Tampa-based Carnival ship limping home with engine trouble

Tampa, Florida -- Two Carnival cruise ships, Carnival Legend and Carnival Dream, are experiencing problems on the same day.

This time, Carnival's woes have come home to Tampa. The Carnival Legend left Sunday from its pier at the Port of Tampa under full power, but the ship will come limping home this weekend.

The cruise line says there's a problem with one of the ship's engine units that's keeping the Legend from going at top speed.

So Carnival has canceled their last planned port stop at Grand Cayman and the ship is heading straight for Tampa.

The cruise line says the Legend -- and the up to 3,000 people aboard -- will be back in Tampa at their scheduled time Sunday morning.

Passengers are not in bad shape, as they have been on past troubled ships. But one said in an email they are getting frustrated.

The Legend was actually one of the ships that came to the aid of the stricken Carnival Triumph after its fire onboard last month. A passenger who needed emergency care was transferred off the Triumph onto this ship, the Legend, during that debacle.

My family sailed onboard the Legend two years ago. I took an extensive tour of the ship, including the engine control room and the bridge. It gives me a good perspective on the issue the crew is facing.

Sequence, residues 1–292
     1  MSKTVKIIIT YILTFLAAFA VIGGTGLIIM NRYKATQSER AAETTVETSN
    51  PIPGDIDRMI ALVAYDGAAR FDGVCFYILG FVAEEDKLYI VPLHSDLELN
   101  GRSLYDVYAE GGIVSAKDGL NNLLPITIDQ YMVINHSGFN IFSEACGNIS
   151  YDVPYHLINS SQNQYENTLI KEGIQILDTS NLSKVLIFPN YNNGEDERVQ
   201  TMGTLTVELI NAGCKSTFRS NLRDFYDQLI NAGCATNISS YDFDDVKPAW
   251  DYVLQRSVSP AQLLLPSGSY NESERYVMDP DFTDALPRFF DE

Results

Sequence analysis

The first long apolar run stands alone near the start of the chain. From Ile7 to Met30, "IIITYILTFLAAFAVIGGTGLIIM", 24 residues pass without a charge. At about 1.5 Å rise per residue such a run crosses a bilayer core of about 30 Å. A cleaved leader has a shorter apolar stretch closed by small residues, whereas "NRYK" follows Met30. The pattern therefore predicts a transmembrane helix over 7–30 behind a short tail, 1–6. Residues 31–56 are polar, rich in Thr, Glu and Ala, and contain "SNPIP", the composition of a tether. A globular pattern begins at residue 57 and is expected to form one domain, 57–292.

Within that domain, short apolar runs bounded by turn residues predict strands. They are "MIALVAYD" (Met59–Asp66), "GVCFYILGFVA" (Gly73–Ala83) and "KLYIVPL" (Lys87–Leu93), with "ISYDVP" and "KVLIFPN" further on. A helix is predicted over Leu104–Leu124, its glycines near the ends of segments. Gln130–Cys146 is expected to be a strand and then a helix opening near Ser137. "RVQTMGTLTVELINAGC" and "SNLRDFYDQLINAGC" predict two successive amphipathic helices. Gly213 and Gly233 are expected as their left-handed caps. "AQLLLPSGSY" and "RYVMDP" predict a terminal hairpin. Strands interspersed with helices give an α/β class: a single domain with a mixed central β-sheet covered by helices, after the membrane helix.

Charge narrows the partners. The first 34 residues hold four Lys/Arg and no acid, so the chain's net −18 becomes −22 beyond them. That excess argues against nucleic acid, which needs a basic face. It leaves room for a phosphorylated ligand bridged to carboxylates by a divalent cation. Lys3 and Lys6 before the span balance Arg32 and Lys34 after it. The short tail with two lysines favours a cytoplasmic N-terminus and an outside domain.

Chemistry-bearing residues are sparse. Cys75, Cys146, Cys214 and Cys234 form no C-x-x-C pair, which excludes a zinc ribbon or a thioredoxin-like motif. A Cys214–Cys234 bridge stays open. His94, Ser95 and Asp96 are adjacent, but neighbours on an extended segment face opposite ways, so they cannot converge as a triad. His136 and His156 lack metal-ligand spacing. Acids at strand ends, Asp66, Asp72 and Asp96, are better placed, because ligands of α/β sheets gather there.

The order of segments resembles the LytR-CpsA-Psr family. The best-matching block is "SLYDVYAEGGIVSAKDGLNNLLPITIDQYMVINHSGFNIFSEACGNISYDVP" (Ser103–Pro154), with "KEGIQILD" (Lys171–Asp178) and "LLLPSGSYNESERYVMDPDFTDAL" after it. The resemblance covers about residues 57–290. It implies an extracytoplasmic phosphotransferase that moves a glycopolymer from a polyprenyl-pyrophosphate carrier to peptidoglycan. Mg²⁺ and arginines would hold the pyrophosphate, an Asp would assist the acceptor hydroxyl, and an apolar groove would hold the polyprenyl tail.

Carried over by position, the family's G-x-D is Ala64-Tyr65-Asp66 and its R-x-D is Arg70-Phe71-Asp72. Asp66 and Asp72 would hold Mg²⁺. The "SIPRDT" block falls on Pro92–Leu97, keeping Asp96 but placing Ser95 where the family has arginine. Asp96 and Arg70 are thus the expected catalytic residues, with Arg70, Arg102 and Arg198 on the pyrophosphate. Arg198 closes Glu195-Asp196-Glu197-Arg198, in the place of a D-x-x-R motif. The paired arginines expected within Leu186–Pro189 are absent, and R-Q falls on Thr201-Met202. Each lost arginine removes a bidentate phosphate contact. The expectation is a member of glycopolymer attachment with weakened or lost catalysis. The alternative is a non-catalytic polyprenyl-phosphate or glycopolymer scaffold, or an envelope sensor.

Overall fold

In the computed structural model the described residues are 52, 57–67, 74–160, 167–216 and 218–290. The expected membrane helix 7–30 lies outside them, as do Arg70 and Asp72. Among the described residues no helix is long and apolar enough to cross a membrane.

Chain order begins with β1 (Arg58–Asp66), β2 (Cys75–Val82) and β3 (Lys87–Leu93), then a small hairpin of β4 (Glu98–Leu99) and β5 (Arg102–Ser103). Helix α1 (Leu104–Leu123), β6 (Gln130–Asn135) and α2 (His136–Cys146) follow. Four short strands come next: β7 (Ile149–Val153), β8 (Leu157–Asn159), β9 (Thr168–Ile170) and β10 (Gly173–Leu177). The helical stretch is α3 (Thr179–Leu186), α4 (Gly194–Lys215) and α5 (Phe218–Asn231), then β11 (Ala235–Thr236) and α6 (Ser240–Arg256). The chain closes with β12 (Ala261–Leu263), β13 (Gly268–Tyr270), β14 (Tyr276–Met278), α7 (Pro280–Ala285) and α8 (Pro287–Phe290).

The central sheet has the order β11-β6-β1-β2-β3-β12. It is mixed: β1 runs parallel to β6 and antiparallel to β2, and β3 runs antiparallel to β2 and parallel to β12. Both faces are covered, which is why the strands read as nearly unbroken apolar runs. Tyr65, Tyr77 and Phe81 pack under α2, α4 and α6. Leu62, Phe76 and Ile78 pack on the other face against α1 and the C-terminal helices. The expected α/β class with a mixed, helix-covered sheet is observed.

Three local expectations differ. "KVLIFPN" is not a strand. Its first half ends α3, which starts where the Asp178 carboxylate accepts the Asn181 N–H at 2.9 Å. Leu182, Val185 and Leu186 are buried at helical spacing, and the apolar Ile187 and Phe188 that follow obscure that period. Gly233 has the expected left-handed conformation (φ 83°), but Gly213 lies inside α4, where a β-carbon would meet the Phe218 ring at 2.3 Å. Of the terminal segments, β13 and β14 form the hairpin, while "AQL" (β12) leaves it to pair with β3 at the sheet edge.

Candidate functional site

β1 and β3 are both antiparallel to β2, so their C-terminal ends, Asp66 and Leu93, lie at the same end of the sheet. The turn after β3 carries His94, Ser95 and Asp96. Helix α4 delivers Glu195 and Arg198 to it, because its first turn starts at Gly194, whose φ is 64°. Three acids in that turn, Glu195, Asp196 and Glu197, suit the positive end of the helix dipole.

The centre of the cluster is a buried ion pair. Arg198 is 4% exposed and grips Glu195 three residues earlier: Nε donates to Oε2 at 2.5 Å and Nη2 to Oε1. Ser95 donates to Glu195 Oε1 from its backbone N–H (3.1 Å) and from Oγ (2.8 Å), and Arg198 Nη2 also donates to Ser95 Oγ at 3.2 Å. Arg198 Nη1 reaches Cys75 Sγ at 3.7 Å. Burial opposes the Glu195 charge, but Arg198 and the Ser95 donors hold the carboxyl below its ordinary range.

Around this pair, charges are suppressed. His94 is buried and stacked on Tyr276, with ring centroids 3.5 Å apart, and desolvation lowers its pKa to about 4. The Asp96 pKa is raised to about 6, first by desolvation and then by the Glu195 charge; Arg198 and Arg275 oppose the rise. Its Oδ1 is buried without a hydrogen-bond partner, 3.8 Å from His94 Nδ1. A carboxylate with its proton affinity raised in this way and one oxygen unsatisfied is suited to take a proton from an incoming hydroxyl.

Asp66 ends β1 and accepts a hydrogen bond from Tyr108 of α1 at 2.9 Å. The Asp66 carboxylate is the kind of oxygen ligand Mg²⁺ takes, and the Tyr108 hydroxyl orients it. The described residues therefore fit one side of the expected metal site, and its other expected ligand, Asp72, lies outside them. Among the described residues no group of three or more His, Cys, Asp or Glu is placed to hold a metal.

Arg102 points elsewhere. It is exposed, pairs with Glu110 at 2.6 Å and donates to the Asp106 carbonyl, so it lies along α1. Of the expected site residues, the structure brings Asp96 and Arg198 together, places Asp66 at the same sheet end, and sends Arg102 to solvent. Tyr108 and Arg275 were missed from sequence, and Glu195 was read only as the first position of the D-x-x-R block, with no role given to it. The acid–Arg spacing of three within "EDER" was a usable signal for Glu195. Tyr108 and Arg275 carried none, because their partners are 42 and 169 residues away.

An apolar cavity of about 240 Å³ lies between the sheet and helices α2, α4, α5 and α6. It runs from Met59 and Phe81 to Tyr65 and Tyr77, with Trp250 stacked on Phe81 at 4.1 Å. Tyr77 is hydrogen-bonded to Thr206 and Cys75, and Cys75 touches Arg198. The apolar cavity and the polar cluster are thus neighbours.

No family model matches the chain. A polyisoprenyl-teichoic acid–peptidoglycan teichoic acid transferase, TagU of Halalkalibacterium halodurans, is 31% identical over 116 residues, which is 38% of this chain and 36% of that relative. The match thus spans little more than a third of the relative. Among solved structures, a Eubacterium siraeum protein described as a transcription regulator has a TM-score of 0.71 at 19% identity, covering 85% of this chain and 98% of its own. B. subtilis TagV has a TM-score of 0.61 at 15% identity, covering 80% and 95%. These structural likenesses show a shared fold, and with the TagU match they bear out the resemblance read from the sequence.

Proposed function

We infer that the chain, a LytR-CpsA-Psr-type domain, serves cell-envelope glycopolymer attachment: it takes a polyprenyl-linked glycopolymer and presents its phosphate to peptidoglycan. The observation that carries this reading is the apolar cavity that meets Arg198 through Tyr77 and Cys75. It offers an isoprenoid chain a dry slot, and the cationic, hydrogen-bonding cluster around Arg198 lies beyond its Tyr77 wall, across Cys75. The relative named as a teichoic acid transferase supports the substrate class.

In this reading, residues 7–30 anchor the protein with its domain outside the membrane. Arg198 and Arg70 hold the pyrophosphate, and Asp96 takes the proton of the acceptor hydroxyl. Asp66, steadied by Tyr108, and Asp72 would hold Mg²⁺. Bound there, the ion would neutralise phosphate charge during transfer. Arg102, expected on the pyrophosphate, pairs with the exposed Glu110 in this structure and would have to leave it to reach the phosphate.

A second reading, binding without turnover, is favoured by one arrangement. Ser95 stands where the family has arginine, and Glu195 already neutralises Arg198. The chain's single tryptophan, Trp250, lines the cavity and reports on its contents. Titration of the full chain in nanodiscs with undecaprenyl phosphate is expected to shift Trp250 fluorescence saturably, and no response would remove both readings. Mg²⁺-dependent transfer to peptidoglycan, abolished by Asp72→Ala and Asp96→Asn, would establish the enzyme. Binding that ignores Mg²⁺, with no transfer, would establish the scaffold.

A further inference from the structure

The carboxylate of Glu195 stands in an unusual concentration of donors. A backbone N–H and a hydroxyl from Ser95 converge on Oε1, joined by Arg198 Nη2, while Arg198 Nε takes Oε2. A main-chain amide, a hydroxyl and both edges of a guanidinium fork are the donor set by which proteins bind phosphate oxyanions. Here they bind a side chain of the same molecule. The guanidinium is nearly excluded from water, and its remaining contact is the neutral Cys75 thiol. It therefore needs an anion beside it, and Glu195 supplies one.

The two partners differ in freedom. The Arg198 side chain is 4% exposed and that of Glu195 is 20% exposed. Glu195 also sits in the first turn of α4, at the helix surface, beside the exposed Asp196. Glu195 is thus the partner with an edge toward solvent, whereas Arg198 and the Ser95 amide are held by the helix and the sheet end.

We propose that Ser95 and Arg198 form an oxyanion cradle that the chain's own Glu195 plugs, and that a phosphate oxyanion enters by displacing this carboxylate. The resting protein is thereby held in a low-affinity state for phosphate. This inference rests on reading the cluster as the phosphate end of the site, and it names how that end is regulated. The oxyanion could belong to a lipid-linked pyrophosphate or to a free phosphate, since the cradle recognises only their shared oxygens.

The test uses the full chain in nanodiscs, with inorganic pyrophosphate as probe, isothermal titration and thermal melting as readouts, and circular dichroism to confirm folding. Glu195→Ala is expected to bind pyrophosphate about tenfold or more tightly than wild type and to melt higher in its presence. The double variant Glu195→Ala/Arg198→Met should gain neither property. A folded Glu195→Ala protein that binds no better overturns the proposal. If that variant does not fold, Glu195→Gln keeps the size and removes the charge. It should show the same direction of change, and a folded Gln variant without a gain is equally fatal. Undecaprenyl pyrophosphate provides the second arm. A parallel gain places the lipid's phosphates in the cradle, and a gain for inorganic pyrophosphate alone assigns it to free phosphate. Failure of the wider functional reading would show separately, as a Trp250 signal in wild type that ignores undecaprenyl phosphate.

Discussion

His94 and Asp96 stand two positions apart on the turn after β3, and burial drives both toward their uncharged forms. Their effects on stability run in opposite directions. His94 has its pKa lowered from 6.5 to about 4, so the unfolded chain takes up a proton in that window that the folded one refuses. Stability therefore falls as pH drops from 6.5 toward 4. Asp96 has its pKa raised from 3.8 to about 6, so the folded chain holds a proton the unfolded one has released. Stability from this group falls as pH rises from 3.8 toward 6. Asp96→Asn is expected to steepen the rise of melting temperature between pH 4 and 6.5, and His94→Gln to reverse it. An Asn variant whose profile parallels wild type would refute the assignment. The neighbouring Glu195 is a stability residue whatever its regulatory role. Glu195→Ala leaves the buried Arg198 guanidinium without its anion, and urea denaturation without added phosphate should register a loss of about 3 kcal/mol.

Here's the problem: Older cruise ships had big propellers fixed onto the back that could only move the ship forward or backward.

Newer ships have smaller engines that stick out from the bottom on pods. The smaller engine pods can rotate 360 degrees to move the ship in any direction. Here's a good visual example of how those units, called "azipods," work.

Carnival says one of those pods on the Legend is having a problem, which slows the ship down.

Meanwhile, the Carnival Dream is still stuck in port in St. Maarten. But the passengers won't be there for long.

Carnival says it's going to fly all of the 4,000 passengers back to Florida this weekend. The Dream now has full power; it just can't move.

In both cases, Carnival is planning to reimburse passengers for the parts of the trips that came after the trouble started and offer them 50 percent off the price of a future cruise.

Carnival Legend Statement:

"Carnival Legend is experiencing a technical issue with one of the ship's Azipod units that is affecting the vessel's sailing speed. The ship's safety systems and hotel services are all functioning normally.

The vessel made its scheduled call yesterday in Mahogany Bay, Roatan, in addition to visiting Cozumel and Costa Maya earlier in the week. Because of the reduction in sailing speed, today's visit to Grand Cayman has been cancelled and the ship will proceed to its homeport of Tampa, where it is expected to arrive on Sunday as scheduled.

Guests on the current voyage will receive a $100.00 USD per person credit and a full refund on pre-purchased shore excursions for Grand Cayman. In addition, guests will receive 50 percent off a future Carnival cruise.

Carnival Legend is currently on the last leg of a seven-day Caribbean cruise that departed Tampa on Sunday, March 10."


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